|PACKING FOR A TRIP TO SUDAN via a holiday flight to Egypt, I was aware that my baggage was going to be very overweight again. I was tempted to haul out the heavy super-Teutonic lamp I had packed and replace it with a lightweight Delrin-made job I had been sent by US manufacturer Dive Rite.
In the event, I took both.
Measuring 20cm long and 4.5cm in diameter, the 300 is almost small enough to fit into a BC pocket, and weighs less than half a kilo.
In fact it comes with a very convenient holster that can be threaded onto a weightbelt, and a lanyard too.
Lamar Hires, Dive Rite’s boss, is a deep-diving tekkie, so there is no surprise that this lamp is rated to 100m. It has a double O-ring seal between head and body to keep the water out.
This product is snappily named the LT6078LED-300 LED Flashlight, but I’ll take the liberty of rechristening it as the Dive Rite 300 LED Torch.
Three separate LED lamps, each with its own reflector behind a common front glass, give a cool light approximating to 6500°K. That’s about the same as shadow areas lit by a vivid blue sky on a ski slope.
The lamps are said to be good for 10,000 hours of continual use. I cannot confirm this, because I needed to get into print this year!
Eight AA batteries installed in a battery-chassis power this lamp for 12 hours at full brightness. However after this period the lamp won’t leave you in the dark. It goes on working for up to 30 hours, its output gradually diminishing.
This means that you can take it for a week’s diving trip and still have enough power left in one set of batteries to signal your position, should you be left behind at the end of the last night dive. Don’t tell me it never happens!
You can use either conventional 1.5V alkaline batteries or 1.2V rechargeables in AA size.
Be careful to insert the battery-chassis the correct way round to make contact with the front shroud assembly. You need to rotate the front shroud to make an electrical contact to switch the lamp on or off.
This has the benefit of simplicity of construction, but I am wary of this method because the lamp may be switched on at depth in its holster without you being aware of it.
It can also make switching off difficult under the extreme pressure of depth.
The holster is effectively transparent, the business end being made of a broad weave material, so if the lamp comes on unexpectedly at least your buddy will notice it.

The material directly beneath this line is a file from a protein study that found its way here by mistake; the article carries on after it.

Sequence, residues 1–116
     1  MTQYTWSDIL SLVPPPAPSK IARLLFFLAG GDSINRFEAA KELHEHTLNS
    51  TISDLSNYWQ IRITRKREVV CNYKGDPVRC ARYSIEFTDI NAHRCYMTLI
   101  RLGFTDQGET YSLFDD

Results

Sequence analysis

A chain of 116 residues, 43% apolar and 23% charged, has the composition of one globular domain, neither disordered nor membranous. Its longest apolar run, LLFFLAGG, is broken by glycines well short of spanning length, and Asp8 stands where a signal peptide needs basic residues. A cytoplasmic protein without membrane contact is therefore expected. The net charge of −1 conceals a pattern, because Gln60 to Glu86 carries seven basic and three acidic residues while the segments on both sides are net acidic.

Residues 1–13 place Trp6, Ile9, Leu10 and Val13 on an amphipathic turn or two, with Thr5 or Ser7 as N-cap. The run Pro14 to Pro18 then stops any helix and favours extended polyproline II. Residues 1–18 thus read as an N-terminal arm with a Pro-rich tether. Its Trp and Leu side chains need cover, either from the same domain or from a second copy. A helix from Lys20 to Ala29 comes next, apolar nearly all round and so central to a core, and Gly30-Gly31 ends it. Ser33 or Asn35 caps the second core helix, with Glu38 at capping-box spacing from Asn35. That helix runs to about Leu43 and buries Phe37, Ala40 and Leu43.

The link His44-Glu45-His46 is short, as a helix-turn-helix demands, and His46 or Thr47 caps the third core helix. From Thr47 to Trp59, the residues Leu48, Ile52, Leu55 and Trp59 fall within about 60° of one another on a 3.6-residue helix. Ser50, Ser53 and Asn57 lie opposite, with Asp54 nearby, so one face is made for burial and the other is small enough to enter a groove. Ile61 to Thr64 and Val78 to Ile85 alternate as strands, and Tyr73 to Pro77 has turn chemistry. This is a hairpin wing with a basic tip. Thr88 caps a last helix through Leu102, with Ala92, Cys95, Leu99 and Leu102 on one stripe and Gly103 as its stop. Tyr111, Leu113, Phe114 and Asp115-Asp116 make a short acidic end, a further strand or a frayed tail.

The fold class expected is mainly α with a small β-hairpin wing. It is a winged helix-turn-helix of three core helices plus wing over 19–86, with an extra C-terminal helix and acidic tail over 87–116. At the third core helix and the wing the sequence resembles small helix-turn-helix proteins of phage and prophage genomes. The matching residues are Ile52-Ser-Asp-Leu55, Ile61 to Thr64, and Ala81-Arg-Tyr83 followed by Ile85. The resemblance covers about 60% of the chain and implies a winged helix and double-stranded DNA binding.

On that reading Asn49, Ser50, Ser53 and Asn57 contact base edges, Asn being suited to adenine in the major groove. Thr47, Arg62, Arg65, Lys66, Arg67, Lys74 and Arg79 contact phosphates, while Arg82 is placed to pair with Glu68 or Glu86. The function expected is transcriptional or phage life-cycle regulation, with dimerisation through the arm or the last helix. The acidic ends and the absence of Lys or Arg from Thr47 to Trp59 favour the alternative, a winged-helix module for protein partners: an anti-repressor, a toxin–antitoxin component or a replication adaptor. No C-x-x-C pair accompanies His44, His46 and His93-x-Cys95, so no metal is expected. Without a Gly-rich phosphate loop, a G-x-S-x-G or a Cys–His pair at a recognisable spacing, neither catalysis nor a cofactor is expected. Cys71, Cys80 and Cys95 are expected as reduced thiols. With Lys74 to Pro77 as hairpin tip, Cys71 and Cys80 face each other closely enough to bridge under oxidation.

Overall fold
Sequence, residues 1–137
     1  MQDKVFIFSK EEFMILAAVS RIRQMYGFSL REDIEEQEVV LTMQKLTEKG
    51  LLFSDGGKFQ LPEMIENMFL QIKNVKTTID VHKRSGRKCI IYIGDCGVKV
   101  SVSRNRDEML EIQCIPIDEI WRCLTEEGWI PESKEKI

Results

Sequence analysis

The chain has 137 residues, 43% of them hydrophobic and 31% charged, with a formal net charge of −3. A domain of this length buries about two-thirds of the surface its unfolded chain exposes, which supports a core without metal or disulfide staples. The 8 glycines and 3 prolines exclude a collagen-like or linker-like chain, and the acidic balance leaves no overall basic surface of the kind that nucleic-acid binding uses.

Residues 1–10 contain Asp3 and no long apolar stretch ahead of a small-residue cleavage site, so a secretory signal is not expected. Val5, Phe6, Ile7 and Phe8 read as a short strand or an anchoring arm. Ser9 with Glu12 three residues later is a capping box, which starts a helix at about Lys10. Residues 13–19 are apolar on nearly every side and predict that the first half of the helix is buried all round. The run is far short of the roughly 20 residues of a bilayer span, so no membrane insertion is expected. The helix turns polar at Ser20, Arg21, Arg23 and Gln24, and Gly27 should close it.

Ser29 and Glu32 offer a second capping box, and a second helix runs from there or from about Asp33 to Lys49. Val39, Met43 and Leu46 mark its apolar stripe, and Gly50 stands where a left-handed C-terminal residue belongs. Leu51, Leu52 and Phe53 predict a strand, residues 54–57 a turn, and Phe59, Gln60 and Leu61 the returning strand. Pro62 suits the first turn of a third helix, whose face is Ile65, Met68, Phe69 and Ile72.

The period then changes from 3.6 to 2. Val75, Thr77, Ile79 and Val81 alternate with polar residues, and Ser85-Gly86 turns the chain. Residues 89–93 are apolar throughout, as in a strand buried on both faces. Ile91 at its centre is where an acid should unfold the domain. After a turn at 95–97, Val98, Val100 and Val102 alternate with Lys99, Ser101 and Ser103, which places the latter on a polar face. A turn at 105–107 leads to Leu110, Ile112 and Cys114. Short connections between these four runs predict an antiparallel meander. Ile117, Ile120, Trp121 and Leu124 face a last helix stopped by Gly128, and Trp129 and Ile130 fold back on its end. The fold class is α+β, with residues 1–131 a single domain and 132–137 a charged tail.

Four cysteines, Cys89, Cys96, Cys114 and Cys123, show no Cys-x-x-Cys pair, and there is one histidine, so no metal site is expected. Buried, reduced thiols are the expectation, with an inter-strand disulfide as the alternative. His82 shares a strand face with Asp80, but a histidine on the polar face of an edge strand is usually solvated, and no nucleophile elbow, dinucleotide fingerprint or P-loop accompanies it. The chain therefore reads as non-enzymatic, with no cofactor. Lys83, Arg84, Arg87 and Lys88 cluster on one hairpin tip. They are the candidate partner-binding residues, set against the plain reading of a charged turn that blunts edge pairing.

I was very careful to turn it just enough to switch it off each time, but after a few dives traces of water had penetrated the battery compartment.
That said, I guess it’s best to switch this lamp on at the beginning of a dive and leave it on until you are finished with it. This does mean that, like other similarly switched lamps, it might be less useful as an emergency back-up light.
The advantage of this method of switching is that you can unscrew the two parts completely, as when installing batteries, split the lamp in two and insert an umbilical connection between what becomes a little lamp-head and the separated battery-pack. This can be carried in its holster, threaded onto your belt or other webbing.
Of course, you can also purposely insert the chassis the wrong way round for safe transport.
Judging the brightness of a beam can be misleading. If you are diving with someone who has a similar lamp, your eyes will adjust to accommodate the amount of light present. It’s only when some cruel person swims up behind you in the dark with a powerful brute of a lamp that you might realise how puny your own light is.
The cool colour of this one makes the light available very penetrative. It’s not warm and comforting, and soft corals do not light up such a warm and vibrant red in the dark, but you can really see where you’re going.
In the dark recesses of the engine-room and galley area of the Umbria wreck, the Dive Rite 300 LED proved exceedingly effective. Its beam cut through water filled with tiny rust particles that gave it the consistency of a thin Brown Windsor soup.
I consider this a very functional piece of kit and you will too, once you’ve got over the pain of the purchase price.
COMPARABLE LIGHTS TO CONSIDER:
Kowalski 620 Maxum (Tungsten) £306
Fa&Mi Power LED 4 £235
Metalsub Handlamp XL7.2 LED £349